07:28AM | 12/28/98
Last spring I had two 8 foot flourescent double tube fixtures added to an existing circuit with two 100 watt regular light bulbs and 1 four foot flourescent double tube fixture. They are connected as follows 100 watt, 8 foot (A) , 8 foot (B), 4 foot then 100 watt. Both of the fixtures worked fine for about two months. Fixture A went dark first, replacing the bulbs had no effect. It looks like it is trying to ignite, but never does. Last week fixture B started doing the same thing. The 4 foot fixture and 100 watt fixtures are working fine. Is this a "starter" problem on the eight foot fixtures or a wiring problem?
Then last weel fixture B died, and


12:33PM | 12/28/98
Wiring lights is basic. Black to black, white to white. Given that the lights are wired correctly, you have purchased some bad lights. Many of the fixtures today have their starters incorporated into the ballast and are not repairable. If the starters are replaceable then do so. If not, at the high cost of the ballast, I would return the light fixtures and opt for a different brand.

Brian Wood

12:36PM | 12/29/98
Dear Mss: As usual,Dr Home is right. It does sound like your wiring has gotten mixed up and two or more of your ballasts may be connected in series instead of parallel, which means each light is trying to work on 60 volts instead of 120. Go to the fixture that you connected the new lights to and make sure you have a full 120volts at the black & white, then do what the Doc says; black to black, white to white etc'. Bear in mind, ballasts cost between $17 & $35,get a refund, replacement or a different brand. My company sells a foolproof electrical tester called a Hot or Not AC sensor which makes electrical troubleshooting a breeze. It tests for AC voltage without actually touching the conductor, and will tell you which is the hot wire regardless of its' colour. Only $22.50. We are at 800 851 9891
& e-mail= Happy Wiring & Happy New Year. The Waterguysers.


Post a reply as Anonymous

Photo must be in JPG, GIF or PNG format and less than 5MB.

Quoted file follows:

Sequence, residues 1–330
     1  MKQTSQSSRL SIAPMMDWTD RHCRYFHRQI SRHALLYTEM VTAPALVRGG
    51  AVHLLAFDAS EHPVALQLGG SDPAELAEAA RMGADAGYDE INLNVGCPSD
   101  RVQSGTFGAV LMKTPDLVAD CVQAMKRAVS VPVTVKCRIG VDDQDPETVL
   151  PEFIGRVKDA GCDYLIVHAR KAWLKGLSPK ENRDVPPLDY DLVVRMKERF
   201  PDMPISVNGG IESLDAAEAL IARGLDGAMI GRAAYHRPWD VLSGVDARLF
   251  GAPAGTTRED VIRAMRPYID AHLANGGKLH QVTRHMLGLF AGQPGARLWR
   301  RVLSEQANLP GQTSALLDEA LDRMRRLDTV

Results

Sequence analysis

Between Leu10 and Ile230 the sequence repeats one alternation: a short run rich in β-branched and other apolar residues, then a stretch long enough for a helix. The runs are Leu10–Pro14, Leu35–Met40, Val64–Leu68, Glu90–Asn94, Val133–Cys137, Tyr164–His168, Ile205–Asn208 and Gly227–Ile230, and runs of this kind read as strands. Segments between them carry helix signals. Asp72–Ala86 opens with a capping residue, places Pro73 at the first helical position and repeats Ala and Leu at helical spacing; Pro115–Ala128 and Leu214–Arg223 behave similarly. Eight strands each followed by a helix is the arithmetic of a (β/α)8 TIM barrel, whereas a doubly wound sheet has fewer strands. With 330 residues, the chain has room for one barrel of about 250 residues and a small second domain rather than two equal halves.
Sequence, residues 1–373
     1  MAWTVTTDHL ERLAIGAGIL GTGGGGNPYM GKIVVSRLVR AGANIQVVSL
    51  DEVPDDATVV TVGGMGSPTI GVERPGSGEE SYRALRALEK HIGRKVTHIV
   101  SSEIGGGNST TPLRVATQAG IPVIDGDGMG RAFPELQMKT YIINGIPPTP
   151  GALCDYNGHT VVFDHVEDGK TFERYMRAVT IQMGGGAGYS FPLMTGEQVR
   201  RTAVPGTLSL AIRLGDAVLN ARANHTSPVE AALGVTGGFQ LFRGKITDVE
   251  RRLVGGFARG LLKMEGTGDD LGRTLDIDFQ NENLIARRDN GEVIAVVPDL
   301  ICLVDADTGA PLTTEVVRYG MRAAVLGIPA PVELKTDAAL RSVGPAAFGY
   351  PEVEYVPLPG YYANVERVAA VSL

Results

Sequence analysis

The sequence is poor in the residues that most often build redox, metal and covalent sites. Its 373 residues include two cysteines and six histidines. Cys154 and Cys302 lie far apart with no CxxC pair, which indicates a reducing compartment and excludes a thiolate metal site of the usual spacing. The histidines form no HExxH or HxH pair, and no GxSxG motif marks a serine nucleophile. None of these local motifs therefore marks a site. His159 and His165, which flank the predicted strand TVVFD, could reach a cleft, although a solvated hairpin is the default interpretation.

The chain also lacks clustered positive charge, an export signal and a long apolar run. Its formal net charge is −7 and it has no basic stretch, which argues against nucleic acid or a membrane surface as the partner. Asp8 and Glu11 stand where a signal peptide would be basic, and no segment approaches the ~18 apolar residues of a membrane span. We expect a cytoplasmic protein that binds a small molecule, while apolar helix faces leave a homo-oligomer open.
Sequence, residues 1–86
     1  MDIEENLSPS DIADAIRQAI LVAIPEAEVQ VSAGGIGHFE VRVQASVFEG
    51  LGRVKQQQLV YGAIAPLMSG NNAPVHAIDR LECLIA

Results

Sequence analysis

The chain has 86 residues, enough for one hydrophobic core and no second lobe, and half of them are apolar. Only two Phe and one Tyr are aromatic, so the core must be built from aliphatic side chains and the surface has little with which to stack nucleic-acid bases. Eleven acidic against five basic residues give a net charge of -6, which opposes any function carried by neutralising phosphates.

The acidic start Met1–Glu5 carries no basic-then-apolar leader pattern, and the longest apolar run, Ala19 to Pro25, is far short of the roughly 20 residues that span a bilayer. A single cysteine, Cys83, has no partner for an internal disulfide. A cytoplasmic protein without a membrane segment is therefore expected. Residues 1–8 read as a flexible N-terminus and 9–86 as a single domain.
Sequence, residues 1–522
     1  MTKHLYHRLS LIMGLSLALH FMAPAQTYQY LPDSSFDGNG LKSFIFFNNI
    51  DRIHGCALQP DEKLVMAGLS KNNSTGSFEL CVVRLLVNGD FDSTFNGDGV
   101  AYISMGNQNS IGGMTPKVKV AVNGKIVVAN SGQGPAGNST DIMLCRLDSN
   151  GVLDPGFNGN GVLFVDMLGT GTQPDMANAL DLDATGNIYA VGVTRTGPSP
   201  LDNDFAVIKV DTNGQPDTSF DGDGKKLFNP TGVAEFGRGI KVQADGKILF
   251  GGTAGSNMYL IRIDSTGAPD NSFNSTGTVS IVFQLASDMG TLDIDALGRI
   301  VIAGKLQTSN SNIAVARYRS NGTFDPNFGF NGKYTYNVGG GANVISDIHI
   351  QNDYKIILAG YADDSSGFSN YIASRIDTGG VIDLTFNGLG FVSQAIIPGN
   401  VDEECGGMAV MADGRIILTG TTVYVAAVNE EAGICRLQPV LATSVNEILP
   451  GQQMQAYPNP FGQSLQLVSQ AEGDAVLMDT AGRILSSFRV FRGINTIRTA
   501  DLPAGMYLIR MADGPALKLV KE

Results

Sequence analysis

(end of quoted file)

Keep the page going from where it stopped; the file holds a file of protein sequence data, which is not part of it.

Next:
type the code from the image


Post_new_button or Login_button

Pursue what's known as the stack effect. To achieve it, open the windows on both the upper and lower floors, and as warm a... Reused steel windows create an eye-catching splashguard in this walk-in shower. The vintage factory windows bring an inter... A galvanized steel tub is a surprising but charming fixture in this bright and breezy screened patio. It's perfect for was... If you're not crazy about the idea of commingling plants and pool, this modern variation may be more to your liking. The s... Yes, a freestanding garage can become its own tiny house. Artist Michelle de la Vega has all the comforts of a modern resi... If you lack plumbing skills but have a good sturdy tree, here's the easiest outdoor shower solution of all: Simply attach... Need a window and a door in a tight space? A Dutch door with a window may be your answer. These useful doors are split hor... How do you like this smart use for an old bottle? Clamp an empty wine bottle to a fence or wall near your outdoor deck or ... Simple and striking, a couple of pieces of "lovingly used" furniture creates a special kind of charm. A weathered chair fo... Twine lanterns add pops of crafty—but sophisticated—flair to any outdoor setting. Wrap glue-soaked twine around a balloon ... When securely fastened to a tree or the ceiling of a porch, a pallet and some cushioning make the ideal place to lounge. V... Incorporate nature into your lighting scheme by securing a dead tree in a concrete mold and draping your pendant lamp from... For the cost of a can of exterior paint , you can totally transform your porch. Paint the floor a hue that complements yo... Repurpose birthday hats to create a string of lanterns for your porch, patio, or garden. Cut the tip of the cone, punch h... This garden shed has been decked out to the nines. Designer Orla Kiely created the intimate home for a flower trade show, ...
Newsletter_icon Google_plus Facebook Twitter Pinterest Youtube Rss_icon